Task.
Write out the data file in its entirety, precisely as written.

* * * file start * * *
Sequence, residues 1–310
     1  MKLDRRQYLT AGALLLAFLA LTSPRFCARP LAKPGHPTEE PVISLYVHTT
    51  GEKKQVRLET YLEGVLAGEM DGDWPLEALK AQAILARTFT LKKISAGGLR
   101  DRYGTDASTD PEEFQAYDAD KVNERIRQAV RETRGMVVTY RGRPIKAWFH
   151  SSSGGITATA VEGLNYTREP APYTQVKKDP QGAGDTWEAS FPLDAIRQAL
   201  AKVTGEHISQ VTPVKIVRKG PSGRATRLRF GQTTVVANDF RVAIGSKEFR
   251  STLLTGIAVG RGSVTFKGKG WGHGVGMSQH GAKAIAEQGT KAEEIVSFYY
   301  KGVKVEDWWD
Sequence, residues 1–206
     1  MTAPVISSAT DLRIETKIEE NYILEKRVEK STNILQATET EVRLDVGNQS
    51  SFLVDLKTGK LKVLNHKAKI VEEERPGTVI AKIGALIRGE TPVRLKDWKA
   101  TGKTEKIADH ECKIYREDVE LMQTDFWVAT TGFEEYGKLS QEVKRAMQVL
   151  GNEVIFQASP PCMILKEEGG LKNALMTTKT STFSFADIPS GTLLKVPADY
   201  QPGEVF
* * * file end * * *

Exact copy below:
Sequence, residues 1–310
     1  MKLDRRQYLT AGALLLAFLA LTSPRFCARP LAKPGHPTEE PVISLYVHTT
    51  GEKKQVRLET YLEGVLAGEM DGDWPLEALK AQAILARTFT LKKISAGGLR
   101  DRYGTDASTD PEEFQAYDAD KVNERIRQAV RETRGMVVTY RGRPIKAWFH
   151  SSSGGITATA VEGLNYTREP APYTQVKKDP QGAGDTWEAS FPLDAIRQAL
   201  AKVTGEHISQ VTPVKIVRKG PSGRATRLRF GQTTVVANDF RVAIGSKEFR
   251  STLLTGIAVG RGSVTFKGKG WGHGVGMSQH GAKAIAEQGT KAEEIVSFYY
   301  KGVKVEDWWD
Sequence, residues 1–206
     1  MTAPVISSAT DLRIETKIEE NYILEKRVEK STNILQATET EVRLDVGNQS
    51  SFLVDLKTGK LKVLNHKAKI VEEERPGTVI AKIGALIRGE TPVRLKDWKA
   101  TGKTEKIADH ECKIYREDVE LMQTDFWVAT TGFEEYGKLS QEVKRAMQVL
   151  GNEVIFQASP PCMILKEEGG LKNALMTTKT STFSFADIPS GTLLKVPADY
   201  QPGEVF